By Andrea Michel
SACRAMENTO––As students returned to schools at the start of this year’s fall term, they were greeted by a new change in lunchrooms: free breakfast and lunch for all students.
Though many cities across the country already have been offering free lunch for years, such as New York City since 2017, California has become the first to enact such a program statewide. Notably, Maine followed suit shortly after with its own free lunch program.
Under the previous federal guidelines, a family of four had to have an annual income under $34,000 to qualify for free lunch, and for reduced-cost lunch, the threshold was $48,000. These metrics do not take into consideration the relatively high cost of living in California and as such experts contend that the actual need for free or reduced lunch is much higher than the official numbers suggest.
Currently, 60 percent of students utilize or qualify for the free and reduced lunch program, meaning an overwhelming majority of Californian families rely on this program to feed their children. In terms of population, 6.2 million Californian students will benefit from the introduction of this program.
The implementation of the free breakfast and lunch program comes as the state is experiencing an unexpected budget surplus due to the pandemic funding from the federal government. For the current 2021-2022 school year, the program will be funded by a $262 million surplus, with $54 million allocated.
The additional costs will be covered by the USDA, which has promised to reimburse states for expenditures related to the pandemic until the summer of 2022. After support from the federal government tapers out, from the 2022-2023 school year onwards, the state is estimated to spend $650 million annually on the free breakfast and lunch program.
One of the main proponents of the program is California State Sen. Nancy Skinner (D- Berkeley), who previously introduced SB 364, a bill aimed at tackling this very issue. She celebrated the move, stating, “We know that many California children are food insecure, and if you’re hungry you cannot learn well.”
She went on to say, “The whole point of school is learning, and everything we can do to create an environment that allows children to thrive and learn is what we need to do.”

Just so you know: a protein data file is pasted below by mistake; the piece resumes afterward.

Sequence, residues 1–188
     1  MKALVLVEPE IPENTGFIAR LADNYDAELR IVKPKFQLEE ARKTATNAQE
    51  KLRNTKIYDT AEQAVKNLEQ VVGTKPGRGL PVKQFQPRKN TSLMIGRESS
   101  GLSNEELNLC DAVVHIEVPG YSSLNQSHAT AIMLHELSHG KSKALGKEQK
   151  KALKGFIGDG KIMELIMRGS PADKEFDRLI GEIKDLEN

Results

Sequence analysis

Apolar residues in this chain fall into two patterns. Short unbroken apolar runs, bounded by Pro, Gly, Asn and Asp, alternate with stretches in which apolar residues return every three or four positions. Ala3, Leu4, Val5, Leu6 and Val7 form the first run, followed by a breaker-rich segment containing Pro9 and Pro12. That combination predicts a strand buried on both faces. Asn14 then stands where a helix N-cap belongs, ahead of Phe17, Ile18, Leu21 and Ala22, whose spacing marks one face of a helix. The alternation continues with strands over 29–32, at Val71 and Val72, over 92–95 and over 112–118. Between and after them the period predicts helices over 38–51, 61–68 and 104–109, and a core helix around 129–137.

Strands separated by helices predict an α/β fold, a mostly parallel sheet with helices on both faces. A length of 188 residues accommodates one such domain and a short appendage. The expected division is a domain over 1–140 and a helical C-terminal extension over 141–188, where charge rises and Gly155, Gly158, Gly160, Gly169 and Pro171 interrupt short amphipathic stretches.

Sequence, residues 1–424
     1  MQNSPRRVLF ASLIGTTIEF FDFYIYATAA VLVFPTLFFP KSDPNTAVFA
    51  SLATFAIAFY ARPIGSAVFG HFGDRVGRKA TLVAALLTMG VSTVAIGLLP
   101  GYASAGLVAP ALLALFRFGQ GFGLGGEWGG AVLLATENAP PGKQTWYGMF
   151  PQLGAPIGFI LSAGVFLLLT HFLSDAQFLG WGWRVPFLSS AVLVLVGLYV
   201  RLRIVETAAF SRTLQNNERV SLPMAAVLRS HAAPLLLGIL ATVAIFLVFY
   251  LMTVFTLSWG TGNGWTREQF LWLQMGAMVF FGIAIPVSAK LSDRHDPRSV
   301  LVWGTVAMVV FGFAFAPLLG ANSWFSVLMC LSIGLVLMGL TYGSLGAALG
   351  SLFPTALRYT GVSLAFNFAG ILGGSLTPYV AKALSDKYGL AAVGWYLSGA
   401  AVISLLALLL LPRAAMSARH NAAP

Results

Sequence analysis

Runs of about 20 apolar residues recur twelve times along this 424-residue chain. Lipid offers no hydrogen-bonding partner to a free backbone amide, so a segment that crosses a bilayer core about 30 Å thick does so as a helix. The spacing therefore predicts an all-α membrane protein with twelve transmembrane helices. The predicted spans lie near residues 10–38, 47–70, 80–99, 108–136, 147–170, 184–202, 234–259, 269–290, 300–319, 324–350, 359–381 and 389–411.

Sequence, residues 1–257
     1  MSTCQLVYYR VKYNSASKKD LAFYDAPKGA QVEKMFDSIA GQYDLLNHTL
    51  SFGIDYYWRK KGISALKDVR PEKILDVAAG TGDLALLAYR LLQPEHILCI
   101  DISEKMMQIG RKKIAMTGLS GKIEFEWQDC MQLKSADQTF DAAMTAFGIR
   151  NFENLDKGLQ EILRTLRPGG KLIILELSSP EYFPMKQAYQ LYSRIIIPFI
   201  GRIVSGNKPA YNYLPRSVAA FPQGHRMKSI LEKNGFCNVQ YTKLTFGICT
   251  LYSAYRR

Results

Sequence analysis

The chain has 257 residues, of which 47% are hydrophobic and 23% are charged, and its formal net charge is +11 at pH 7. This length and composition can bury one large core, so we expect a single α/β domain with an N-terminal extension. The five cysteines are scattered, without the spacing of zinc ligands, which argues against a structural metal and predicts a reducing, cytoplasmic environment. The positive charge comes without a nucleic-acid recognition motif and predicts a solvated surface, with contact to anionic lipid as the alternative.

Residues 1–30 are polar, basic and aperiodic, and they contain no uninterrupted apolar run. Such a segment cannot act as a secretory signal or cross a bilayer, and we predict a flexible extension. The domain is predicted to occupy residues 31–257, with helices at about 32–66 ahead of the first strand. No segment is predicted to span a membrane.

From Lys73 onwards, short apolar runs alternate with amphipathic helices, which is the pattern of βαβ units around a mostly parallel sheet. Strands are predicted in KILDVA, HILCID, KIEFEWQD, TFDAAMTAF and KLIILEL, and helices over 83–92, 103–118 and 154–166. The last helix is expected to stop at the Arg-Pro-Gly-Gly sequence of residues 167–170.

Perhaps most notably, the passage of this program has seen near-universal bipartisan support from both California Democrats and Republicans.
State Sen. Brian Dahle (R- Bieber) applauded the program, remembering a time he saw children from his kids’ school taking food from the school’s cafeteria because “for a lot of them that was their dinner and they were sneaking it or taking it off someone’s plate when they didn’t finish it.”
This anecdotal example offered by Sen. Dahle hits at the root of a problem this free breakfast and lunch initiative hopes to eliminate: the shame that can accompany the use of such government programs. It is a complication lawmakers and advocates are hoping is eliminated with streamlining of the program.
Unlike in previous years where students’ families were required to fill out documentation to receive the free and reduced lunch, that will no longer be a requirement. Due to the political climate in more recent years, families who qualify and would greatly benefit from the use of these programs have declined to apply for them out of either fear of revealing their immigration status or retribution for being on any kind of assistance.
By making the free breakfast and lunch program free to all students throughout California, these concerns can be settled. However, while filling out documentation is not required, it is still encouraged by the districts so as to be able to make sure enough funds are allocated to their districts for the program.